Failing to stop at the scene of an accident, and failing to report an accident, are two separate motoring offences.
If an accident takes place, and either damage or personal injury is caused, then the driver of the vehicle at the time is required to stop at the scene of the accident and hand over their details and their insurance policy number a required. Failing to stop at the scene of an accident is an offence under Section 170 of the Road Traffic Act 1988.
There is a further obligation (even if you do stop and provide your details) to report any accident that results in injury or damage to a Police Station as soon as reasonably practicable and in any case within a maximum of 24 hours. Failing to report an accident is again another offence under section 170 of the Road Traffic Act 1988.
In either case, no offence is committed if the driver could not have reasonably appreciated that there had been an accident. We have a lot of success wtih this defence. If you think it might apply to you, then call us immediately. If you were not aware of an accident at the time when it occurred but you became aware of the accident within 24 hours of it taking place you are then under a duty to report the accident as if you had known about it in the first place.
The penalties for failing to stop at the scene of an accident and/or failing to report an accident can be extremely serious because they are intended to deter drink drivers from leaving the scene of an accident etc. The court can impose 5 to 10 penalty points on your driving licence. If both of these offences occur in relation to the same incident then the offences are treated as occurring on the same occasion. This means that if you get a summons for both offences you are only at risk of points for one of the offences rather than both. The fines involved can be anywhere up to £5,000 and the level imposed will be affected by the seriousness of the offence and your personal circumstances.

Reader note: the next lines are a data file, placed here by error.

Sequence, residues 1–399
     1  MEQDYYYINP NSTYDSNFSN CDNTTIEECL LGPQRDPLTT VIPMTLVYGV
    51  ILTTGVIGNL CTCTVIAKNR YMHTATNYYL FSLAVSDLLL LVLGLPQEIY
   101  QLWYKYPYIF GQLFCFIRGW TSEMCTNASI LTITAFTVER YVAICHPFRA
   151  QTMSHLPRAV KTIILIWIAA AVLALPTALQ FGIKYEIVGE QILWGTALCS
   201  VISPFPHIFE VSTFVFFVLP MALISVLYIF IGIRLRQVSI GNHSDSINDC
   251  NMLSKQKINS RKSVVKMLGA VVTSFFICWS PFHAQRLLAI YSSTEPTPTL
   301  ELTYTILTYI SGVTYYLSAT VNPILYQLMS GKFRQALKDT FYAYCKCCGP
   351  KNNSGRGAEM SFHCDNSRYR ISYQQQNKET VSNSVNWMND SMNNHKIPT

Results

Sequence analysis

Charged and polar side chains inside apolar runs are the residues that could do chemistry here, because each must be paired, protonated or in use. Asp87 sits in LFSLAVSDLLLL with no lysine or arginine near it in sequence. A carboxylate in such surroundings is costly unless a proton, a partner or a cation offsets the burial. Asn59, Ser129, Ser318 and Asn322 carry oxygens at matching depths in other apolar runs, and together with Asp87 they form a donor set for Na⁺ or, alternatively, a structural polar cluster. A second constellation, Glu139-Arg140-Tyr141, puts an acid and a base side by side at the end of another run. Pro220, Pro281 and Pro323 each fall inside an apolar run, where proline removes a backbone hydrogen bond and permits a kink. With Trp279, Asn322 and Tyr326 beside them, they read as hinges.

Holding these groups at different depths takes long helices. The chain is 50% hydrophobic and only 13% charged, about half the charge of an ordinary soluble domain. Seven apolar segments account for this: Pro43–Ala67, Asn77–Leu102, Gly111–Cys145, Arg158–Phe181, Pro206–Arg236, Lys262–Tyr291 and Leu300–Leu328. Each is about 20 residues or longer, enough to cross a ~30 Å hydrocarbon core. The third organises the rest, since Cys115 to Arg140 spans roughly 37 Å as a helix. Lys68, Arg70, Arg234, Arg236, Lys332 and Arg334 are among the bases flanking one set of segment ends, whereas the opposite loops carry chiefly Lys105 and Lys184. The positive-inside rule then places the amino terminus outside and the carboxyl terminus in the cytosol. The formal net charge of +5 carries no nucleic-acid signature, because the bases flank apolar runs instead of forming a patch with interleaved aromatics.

"Richard was able to quickly adapt to my needs and his ability to change direction at a moment’s notice was key for me. Richard has a particular skill, to be able to understand quickly in tense situations whilst remaining very focused; this creates trust and assurance....In meetings, Richard has a presence that controls, but does not dominate the room; you know he’s in charge!!"
Obviously the more dramatic the impact involved and the level of damage caused the more likely it is that the driver would not have known that an accident had taken place.
Read this case study on: Failing to report an accident.